There are many, many Adobe Flash Player vulnerabilities (at least 1,045 reported ones listed in CVE Details), but one recent bug has been reportedly actively exploited by attackers - and there's no fix yet.
Adobe will release an update in a few days ("planned for the week of February 5"), but the best advice now is to disable or uninstall Flash. Another fix for administrators may be to enable click-to-play for Flash in users' browsers. Last year, Google disabled Flash by default in the Chrome browser. Mozilla also blocked it in Firefox in 2015, while Microsoft has enabled click-to-play for Flash in the Edge browser.
However, for users browsing on out-of-date or old browsers (like Internet Explorer) with out-of-date plugins like Flash, they are especially vulnerable to bugs they haven’t yet patched for in their systems. An Adobe security advisory warns that the critical vulnerability (CVE-2018-4878) affects Flash version 188.8.131.52 and earlier. An attacker could take control of an affected system.
CVE-2018-4878 Exploited in the Wild
As reported by Threatpost, the South Korean Computer Emergency Response Team issued a warning on Wednesday about attacks targeting South Koreans. The vulnerability is a Flash SWF file embedded in Microsoft Word documents - if a user opens a malicious document, web page, or spam mail containing the Flash file, an attacker could compromise their system.
In October, Adobe released an out-of-band (meaning, outside of their usual Patch Tuesday schedule) patch in response to another critical vulnerability that was being exploited in the wild, used in targeted attacks against Windows users. CVE-2017-11292 allowed for remote code execution.
Prevalence of Out-of-Date Flash Plugins
In Duo's 2017 Trusted Access Report: The Current State of Endpoint Security, the percentage of enterprise endpoints running an out-of-date version of Flash has increased from 42% in 2016 to 53% in 2017. Flash is the most out of date on IE (58%), while most up to date on the Chrome browser (65%).
The report looks at all endpoints used to log into and access enterprise applications and resources, including both corporate-owned and personal devices.
Personal devices can be cause for more concern as remote and mobile workers continue to blur the lines between work and personal computing, often using personal smartphones, laptops, tablets, PCs and more to access work resources (typically web-based applications, where data is stored virtually in the cloud).
Protecting Against A Compromise via Flash
Some point to ad blocking in browsers in order to curb the threat of exploitation via Flash malvertisements, as seen on Decent Security - Adblocking for Internet Explorer Without an Extension: Enterprise Deployment.
Blocking advertising has multiple security and performance benefits to clients. Ads are especially dangerous to corporate computers, which often run outdated plugins that can be exploited by malvertising.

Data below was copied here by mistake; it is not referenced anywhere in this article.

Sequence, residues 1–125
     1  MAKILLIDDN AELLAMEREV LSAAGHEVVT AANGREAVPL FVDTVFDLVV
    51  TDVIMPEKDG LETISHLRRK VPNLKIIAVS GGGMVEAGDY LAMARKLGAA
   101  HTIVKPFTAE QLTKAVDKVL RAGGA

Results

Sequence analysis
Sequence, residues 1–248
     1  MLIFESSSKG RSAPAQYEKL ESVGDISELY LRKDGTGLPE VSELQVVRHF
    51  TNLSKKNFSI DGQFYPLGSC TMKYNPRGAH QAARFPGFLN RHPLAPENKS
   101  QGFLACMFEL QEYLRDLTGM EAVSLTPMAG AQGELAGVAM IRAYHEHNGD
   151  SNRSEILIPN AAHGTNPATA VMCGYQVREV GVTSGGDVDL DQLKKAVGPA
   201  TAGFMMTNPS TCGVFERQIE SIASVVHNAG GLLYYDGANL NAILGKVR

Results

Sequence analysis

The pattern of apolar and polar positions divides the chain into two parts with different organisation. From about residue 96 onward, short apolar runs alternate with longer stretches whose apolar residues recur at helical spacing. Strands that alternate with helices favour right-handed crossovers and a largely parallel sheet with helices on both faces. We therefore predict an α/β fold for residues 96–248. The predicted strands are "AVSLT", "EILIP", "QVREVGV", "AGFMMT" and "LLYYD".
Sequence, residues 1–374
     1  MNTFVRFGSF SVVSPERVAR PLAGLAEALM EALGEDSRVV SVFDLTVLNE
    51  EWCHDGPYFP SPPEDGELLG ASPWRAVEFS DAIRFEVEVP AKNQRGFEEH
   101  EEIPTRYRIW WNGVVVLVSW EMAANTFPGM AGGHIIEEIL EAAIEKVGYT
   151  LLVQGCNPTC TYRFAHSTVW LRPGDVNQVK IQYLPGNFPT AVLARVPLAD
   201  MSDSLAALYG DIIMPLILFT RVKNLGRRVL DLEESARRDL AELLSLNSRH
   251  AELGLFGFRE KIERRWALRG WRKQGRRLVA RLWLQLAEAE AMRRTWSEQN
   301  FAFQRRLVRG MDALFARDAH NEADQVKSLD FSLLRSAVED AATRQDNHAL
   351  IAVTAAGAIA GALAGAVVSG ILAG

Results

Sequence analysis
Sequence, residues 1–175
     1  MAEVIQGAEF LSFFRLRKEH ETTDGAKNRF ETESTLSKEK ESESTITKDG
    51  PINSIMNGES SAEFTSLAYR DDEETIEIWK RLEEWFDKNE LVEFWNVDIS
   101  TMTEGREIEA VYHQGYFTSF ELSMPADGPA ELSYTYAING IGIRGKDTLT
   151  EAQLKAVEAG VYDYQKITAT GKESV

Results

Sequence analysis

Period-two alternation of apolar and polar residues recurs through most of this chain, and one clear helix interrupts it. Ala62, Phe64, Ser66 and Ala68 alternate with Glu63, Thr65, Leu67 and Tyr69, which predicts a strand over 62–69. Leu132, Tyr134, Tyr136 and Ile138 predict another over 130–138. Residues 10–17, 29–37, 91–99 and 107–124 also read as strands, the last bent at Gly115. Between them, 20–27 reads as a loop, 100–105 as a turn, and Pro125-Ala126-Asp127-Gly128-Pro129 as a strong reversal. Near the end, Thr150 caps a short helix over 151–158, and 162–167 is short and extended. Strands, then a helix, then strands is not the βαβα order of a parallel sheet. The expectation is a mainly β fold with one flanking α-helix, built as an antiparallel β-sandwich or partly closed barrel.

Are you worried about the new Flash 0day getting put in malicious ads to infect your users? Here’s how we block ads nationwide in IE, Chrome, and Firefox. Proven for years. We don’t worry about Flash infections at my company. https://t.co/Wx7zG7qt73— SwiftOnSecurity (@SwiftOnSecurity) February 2, 2018
Adobe has also recommended:
Beginning with Flash Player 27, administrators have the ability to change Flash Player’s behavior when running on Internet Explorer on Windows 7 and below by prompting the user before playing SWF content. For more details, see this administration guide.
And ultimately, Adobe will be sunsetting Flash in 2020:
...in collaboration with several of our technology partners – including Apple, Facebook, Google, Microsoft and Mozilla – Adobe is planning to end-of-life Flash. Specifically, we will stop updating and distributing the Flash Player at the end of 2020 and encourage content creators to migrate any existing Flash content to these new open formats.
However, for remote users or those using personal devices to access work applications, they may not be subject to group policies put in place by administrators. By using an endpoint and authentication solution that can give you insight into corporate vs. personal devices, you can create more granular access policies to ensure only 'trusted' (or secure) devices can access corporate apps.
For example, you might set a device access policy that blocks all personal devices running an out-of-date version of Flash, warning users to update their plugins in order to gain access.
This new approach to enterprise security can help provide more contextual security against threats that lie beyond the perimeter of traditional defenses, and ensure the trust of both the user and their device.